Palestinian and international activists on Monday launched a campaign to monitor what they said are growing attacks on Palestinians and their property by Israeli settlers.
The campaign, launched by activists from the grassroots Palestinian Popular Committees, would see a group of volunteers documenting attacks by Jewish settlers, spokesman Jonathan Pollak told AFP.
"The idea is that groups of volunteers -- initially four -- will be on call, ready to quickly respond," Pollak said.
They would record evidence of any attacks or vandalism and make their footage and reporting available to media and rights groups, he said.
The campaign was launched after a recent surge in attacks following the Israeli army's demolition of homes in illegal settlement outposts and rising tension over the Palestinian bid for full UN membership.
In the past 10 days, mosques, cars and agricultural land have been vandalised in at least nine separate incidents blamed on Jewish settlers.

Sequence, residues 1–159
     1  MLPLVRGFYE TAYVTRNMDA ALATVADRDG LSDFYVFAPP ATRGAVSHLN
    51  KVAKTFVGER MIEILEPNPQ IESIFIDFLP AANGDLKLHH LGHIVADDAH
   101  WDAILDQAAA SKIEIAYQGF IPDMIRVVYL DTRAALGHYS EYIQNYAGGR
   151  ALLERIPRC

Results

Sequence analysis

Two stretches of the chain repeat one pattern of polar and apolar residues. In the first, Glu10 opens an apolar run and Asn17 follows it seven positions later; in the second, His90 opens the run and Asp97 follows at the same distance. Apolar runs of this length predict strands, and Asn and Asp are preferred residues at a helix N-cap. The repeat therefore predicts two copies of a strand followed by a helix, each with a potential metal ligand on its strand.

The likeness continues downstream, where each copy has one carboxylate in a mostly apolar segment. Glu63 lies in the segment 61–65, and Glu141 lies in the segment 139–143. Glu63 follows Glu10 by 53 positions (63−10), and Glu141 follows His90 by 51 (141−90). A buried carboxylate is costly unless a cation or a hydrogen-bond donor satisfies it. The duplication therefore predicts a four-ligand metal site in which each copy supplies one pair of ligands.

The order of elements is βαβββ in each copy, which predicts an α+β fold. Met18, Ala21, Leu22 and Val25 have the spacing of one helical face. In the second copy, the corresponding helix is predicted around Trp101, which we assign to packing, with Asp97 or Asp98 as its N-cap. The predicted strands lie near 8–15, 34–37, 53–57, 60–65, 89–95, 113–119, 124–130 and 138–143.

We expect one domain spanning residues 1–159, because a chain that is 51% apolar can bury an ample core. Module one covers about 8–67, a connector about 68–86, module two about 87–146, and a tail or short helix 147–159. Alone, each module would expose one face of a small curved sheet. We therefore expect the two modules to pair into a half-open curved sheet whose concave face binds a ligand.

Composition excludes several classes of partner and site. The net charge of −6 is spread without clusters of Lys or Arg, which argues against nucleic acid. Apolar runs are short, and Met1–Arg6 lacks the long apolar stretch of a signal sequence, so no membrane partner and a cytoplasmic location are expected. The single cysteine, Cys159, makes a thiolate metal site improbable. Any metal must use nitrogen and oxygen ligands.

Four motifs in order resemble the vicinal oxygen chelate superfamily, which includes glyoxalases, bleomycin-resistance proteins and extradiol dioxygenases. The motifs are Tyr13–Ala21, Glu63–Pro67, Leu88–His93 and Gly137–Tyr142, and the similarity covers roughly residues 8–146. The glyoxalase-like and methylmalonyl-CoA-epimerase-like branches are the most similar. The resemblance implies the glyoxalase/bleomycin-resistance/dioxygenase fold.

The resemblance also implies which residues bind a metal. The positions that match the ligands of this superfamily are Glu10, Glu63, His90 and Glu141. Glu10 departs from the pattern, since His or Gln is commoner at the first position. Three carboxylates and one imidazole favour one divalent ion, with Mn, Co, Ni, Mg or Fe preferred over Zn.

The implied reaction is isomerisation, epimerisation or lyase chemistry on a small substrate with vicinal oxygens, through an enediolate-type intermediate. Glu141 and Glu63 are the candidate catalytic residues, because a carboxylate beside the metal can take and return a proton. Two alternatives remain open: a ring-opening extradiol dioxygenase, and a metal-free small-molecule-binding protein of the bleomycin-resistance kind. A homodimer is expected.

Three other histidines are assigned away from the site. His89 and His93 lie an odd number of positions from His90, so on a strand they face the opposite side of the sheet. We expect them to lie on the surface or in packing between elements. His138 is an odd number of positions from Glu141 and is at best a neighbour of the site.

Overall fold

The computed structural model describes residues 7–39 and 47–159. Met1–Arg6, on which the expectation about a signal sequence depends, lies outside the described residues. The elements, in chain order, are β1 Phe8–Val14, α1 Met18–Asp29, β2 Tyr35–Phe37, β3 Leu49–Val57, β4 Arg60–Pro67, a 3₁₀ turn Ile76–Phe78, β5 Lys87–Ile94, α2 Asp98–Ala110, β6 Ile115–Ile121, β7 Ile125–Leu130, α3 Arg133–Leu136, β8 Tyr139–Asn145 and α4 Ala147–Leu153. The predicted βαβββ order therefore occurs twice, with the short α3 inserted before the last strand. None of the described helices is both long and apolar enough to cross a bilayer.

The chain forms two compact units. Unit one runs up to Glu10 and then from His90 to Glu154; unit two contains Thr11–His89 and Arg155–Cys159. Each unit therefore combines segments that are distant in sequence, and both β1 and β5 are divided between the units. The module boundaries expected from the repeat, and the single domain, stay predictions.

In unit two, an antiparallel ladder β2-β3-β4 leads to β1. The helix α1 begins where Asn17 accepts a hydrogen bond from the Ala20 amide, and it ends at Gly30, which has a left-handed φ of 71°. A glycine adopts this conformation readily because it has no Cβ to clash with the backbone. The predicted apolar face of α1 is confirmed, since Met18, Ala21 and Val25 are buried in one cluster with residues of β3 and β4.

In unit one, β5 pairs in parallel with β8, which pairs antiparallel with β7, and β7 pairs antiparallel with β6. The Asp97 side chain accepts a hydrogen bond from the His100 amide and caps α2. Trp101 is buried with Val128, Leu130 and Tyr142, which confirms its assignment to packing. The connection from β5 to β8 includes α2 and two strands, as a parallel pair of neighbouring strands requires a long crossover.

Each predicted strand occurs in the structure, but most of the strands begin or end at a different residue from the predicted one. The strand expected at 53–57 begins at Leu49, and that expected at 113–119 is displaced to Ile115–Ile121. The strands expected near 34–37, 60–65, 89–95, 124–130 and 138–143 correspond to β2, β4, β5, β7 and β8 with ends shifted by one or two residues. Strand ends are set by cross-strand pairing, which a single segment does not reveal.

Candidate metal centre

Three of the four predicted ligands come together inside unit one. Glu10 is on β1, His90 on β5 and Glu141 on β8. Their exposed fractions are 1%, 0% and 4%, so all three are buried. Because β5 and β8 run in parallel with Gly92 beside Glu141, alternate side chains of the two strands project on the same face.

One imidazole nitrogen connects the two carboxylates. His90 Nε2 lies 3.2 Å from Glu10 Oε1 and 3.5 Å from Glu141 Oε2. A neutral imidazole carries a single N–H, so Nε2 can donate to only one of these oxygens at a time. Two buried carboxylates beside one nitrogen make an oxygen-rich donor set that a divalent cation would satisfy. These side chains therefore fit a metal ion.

In one attack, burning tyres were rolled into a mosque in an attempt to burn it down and Hebrew slogans were inscribed on the building's walls. Two other mosques and a West Bank university were targeted, as was the Jerusalem home of an Israeli woman working for an anti-settlement group, and vandals also damaged vehicles on an Israeli army base near Ramallah.
The surge in attacks comes as the Palestinians prepare to seek full UN membership for their state later this week in a move fiercely opposed by Israel.
The West Bank's most radical settlers have for some time adopted what they call a "price tag" policy, under which they attack Palestinians and their property in response to Israeli government measures against settlements.
Mohamed Khatib, coordinator of the Popular Committees, said there was a growing need for monitoring of settler activity in the West Bank, pointing to settler interference with the campaign's launch on Monday.
Organisers had planned a news conference at a spring they say is on private Palestinian land, but were prevented from accessing the location when settlers arrived at the scene, Khatib said.
"The recent increase in settler attacks and the army's unwillingness to prevent them has forced us to organise to try to prevent and deal with them ourselves," he said, stressing all action would be "peaceful and unarmed."
"What happened today is a clearest example of that need... when the settlers arrived it was us that the army prevented from staying there, while ignoring the settlers."